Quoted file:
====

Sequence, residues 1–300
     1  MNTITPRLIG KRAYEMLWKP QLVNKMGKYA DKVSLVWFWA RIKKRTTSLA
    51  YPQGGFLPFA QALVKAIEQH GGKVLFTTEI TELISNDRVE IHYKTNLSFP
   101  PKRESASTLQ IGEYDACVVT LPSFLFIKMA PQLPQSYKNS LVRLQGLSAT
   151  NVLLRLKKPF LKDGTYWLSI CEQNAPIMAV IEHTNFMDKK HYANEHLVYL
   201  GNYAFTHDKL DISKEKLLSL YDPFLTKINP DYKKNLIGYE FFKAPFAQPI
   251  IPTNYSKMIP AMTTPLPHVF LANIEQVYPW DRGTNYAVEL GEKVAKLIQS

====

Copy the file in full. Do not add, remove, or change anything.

Sequence, residues 1–300
     1  MNTITPRLIG KRAYEMLWKP QLVNKMGKYA DKVSLVWFWA RIKKRTTSLA
    51  YPQGGFLPFA QALVKAIEQH GGKVLFTTEI TELISNDRVE IHYKTNLSFP
   101  PKRESASTLQ IGEYDACVVT LPSFLFIKMA PQLPQSYKNS LVRLQGLSAT
   151  NVLLRLKKPF LKDGTYWLSI CEQNAPIMAV IEHTNFMDKK HYANEHLVYL
   201  GNYAFTHDKL DISKEKLLSL YDPFLTKINP DYKKNLIGYE FFKAPFAQPI
   251  IPTNYSKMIP AMTTPLPHVF LANIEQVYPW DRGTNYAVEL GEKVAKLIQS